[Originally posted at annlittlewood.blogspot.com]
Shortly before we left on our huge-deal safari to Kenya, one of the trip organizers suggested I dash off one of those role-playing mystery dinner games for a group activity.
"You write mysteries, right?"
Yes, but I'd never seen, much less played, such a game, and I was trying to draft the first 100 pages of the next zoo mystery so it could steep while we were gone, and meanwhile pack, finish a bathroom remodel, get typhoid shots, and arrange dog and house care and ...
So I said, "Sure!"
I resuscitated my corporate communications chops and welded them to mystery conventions and worked my aging ass off. I stole freely from a game I bought and customized it for a zoo keeper group in Kenya. The final package had invitations with a rhino logo, instructions, name tags, clues in envelopes, and player booklets. The setting was, of course, a safari camp. The game had a cunning murder, wacky characters, a false confession, gunshots, and plenty more. Naturally there was no time for a rehearsal before we left.
One night it was raining too hard for a red-light game drive, so instead of lurching around in an open van looking for leopards and hippos, we gave the game a try. I was a little trepidatious. Not nearly enough, it turned out.
On the plus side, we were all pretty well lubricated -- Tusker beer for many, wine for some. The women were keen to do it and argued over who got which of the four female parts. On the other hand, the men were not so enthusiastic. My husband and two other men agreed to give it a try after some arm-twisting, but we were a guy short.
We were staging this at the dining area of the camp and several of the Kenyan staff were on duty to open beers and so on. They thought this game sounded great.
One of them was John (not his real name), a tall young Maasai warrior (apparently all Maasai men are warriors), draped in his red robe and beaded head covering. He's learning the safari business from the ground up, waiting tables on his way to become a driver/guide, for which he will also need three years at the university in Nairobi. (The drivers had extensive training and knew everything.)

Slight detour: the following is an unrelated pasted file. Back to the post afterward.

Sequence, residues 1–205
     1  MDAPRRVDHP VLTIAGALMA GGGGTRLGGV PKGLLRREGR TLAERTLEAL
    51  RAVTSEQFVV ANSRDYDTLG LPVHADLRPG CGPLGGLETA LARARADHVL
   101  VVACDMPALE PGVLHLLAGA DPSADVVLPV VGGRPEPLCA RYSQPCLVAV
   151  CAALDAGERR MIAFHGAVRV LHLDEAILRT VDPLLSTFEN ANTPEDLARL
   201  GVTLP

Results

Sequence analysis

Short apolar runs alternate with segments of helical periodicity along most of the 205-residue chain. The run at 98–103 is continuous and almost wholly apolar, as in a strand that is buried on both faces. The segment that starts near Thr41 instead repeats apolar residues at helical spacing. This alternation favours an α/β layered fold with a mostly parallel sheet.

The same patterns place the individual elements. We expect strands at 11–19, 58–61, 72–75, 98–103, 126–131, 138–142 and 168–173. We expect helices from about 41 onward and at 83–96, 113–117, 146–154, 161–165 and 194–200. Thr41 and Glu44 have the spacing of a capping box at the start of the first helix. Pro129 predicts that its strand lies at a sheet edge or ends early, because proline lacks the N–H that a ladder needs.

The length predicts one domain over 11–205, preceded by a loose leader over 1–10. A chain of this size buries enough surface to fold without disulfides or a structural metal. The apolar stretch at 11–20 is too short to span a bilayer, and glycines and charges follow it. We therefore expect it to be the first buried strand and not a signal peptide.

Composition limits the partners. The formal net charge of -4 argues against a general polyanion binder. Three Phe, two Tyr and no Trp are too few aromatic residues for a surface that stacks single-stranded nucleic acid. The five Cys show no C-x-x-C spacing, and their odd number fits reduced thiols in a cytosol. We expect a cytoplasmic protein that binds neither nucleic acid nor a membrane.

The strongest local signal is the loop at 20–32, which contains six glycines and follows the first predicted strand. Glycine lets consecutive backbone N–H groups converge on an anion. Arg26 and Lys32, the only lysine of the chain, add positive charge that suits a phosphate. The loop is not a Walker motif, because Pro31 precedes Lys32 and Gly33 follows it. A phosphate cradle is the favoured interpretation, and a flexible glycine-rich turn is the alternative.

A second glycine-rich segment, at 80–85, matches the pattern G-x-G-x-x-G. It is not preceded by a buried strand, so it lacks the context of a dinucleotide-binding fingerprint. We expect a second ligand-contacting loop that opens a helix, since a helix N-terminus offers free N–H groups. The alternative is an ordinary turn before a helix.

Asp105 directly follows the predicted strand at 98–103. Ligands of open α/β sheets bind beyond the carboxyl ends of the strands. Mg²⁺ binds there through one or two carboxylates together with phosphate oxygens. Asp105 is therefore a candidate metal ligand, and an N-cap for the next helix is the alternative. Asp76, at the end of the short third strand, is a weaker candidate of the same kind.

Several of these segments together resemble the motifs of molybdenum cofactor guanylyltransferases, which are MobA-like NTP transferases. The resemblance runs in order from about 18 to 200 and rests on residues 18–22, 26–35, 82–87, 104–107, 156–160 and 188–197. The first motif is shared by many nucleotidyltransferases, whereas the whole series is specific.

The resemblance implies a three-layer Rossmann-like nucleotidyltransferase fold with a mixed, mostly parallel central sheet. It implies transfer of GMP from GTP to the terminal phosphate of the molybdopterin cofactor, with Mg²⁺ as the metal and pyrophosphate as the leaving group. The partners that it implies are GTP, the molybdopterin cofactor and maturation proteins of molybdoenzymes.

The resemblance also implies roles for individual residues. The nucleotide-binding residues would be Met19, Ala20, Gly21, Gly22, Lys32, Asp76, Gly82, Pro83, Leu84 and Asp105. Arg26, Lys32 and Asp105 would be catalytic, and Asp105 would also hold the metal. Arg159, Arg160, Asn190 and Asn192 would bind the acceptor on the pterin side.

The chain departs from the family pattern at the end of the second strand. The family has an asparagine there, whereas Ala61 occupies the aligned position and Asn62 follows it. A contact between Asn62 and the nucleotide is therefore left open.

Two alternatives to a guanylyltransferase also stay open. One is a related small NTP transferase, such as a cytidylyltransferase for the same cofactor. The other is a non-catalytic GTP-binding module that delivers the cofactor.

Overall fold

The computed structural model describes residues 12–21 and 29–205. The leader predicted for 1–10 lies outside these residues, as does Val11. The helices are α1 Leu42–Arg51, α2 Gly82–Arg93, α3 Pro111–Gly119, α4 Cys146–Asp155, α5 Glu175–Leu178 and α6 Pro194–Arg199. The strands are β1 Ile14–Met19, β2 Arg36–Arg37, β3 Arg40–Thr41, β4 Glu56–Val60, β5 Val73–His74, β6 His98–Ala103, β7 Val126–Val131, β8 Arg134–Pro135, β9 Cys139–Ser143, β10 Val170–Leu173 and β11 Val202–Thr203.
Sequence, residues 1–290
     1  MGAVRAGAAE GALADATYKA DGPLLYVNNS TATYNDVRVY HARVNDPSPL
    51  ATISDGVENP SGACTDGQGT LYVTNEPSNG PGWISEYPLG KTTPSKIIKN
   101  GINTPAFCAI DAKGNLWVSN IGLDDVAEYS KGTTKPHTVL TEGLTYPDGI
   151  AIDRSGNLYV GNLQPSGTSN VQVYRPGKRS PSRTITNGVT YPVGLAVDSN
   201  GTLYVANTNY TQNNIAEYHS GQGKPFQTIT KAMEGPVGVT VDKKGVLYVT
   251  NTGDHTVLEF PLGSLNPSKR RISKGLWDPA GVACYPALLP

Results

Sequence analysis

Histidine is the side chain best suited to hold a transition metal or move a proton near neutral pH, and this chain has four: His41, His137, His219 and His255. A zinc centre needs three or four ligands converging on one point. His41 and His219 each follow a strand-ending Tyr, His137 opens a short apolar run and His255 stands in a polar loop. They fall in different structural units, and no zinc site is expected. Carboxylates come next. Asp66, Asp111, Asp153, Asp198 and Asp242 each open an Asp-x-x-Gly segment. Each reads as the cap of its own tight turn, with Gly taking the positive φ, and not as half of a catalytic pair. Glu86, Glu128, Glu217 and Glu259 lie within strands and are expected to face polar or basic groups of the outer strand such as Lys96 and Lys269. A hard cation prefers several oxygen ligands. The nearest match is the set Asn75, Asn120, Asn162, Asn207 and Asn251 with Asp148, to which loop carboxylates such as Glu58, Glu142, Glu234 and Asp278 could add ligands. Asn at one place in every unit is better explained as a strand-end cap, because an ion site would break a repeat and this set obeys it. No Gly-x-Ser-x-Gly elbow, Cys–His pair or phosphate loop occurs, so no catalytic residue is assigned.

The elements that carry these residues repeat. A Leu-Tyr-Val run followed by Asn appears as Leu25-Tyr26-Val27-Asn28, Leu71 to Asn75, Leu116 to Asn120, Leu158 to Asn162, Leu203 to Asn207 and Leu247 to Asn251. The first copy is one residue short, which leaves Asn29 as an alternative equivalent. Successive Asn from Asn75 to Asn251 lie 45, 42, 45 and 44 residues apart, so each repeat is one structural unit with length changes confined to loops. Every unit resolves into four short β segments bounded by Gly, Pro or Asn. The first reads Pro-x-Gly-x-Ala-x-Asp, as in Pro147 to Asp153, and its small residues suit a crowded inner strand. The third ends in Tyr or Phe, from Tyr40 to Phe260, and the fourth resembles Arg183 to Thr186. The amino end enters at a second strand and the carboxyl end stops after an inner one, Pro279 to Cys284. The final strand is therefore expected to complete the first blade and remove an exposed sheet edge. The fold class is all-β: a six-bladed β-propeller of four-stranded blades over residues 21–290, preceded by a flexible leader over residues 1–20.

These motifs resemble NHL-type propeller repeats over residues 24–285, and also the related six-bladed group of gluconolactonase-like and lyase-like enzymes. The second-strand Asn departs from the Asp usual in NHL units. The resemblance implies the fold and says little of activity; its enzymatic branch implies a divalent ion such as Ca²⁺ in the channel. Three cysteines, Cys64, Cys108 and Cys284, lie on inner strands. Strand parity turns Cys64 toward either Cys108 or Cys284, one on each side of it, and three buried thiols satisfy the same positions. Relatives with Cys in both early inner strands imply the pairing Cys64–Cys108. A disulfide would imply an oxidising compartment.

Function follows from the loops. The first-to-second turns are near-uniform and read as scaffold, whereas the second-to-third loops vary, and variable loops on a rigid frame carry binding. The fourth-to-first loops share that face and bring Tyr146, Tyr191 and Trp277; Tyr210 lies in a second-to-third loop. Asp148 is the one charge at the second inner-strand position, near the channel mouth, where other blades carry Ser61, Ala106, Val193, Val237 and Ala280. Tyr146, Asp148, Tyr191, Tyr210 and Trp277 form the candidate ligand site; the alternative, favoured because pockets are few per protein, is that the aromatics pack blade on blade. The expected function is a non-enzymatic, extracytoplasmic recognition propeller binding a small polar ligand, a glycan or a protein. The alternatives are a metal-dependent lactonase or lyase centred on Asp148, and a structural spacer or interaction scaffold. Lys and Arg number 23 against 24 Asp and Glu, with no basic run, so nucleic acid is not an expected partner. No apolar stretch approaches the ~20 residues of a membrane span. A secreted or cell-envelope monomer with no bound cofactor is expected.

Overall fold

Aside from being a sweet, wide-eyed heart-throb (I say that in a motherly way), John was fearless, and he stepped in to take the last role.
I whipped up name tags for people who wanted a role and didn't have one -- the murdered woman's ghost (a brilliant idea, if I say so myself), hyena, leopard, lion, bushbaby, giraffe (a non-speaking part), tortoise (also non-speaking), and so on. Everyone who wanted to get in on it had a part, even if it was mostly to growl at random intervals.
And so we commenced. But, honestly, I had no way to know that the illumination at this eco-resort would be dimmer than candlelight. Reading 12 point type meant standing right next to one of the scarce little light bulbs. So we had a few issues with the script.
John had a key role, a big part. He speaks at least three languages (his tribe's, Kiswahili and English), but reading English was a tiny bit challenging. He got the words, but some of the flavor fell overboard. We applauded and kept the momentum. People loved hamming up their character. They vamped and whined and boasted and sneered and mostly forgot the player booklets.
And every time really crucial clues were about to be revealed, the two bartenders, hunched under a blanket together, ran through the middle of the group whooping like hyenas (exactly like hyenas). This aroused the leopard (in her spotted pajamas) to snarl and claw at them which set off the rest of the animals. I think the giraffe stampeded and the tortoise may have been trampled. It was hard to tell in the dark.
After extended chaos and considerable hysteria, the murderer threw her hands in the air and shouted a confession. We cheered.
So all you mystery writers, learn from my tale.
- Need I say "Tuskers?"
- Set up characters to be either gender.
- Be ready for audience participation.
- Don't expect anything complicated to work at all the way you intended.
Ann Littlewood is the author of the Zoo Mysteries featuring zookeeper Iris Oakley. The newest title in the series is Did Not Survive. Ann began her career at the Oregon Zoo where, as a nursery keeper for 12 years, she reared a variety of mammals and birds. She left the zoo to work in corporate America as a technical writer and publications manager. These days, she writes mysteries and short stories.
Mystery game photos by Liz Quinlan.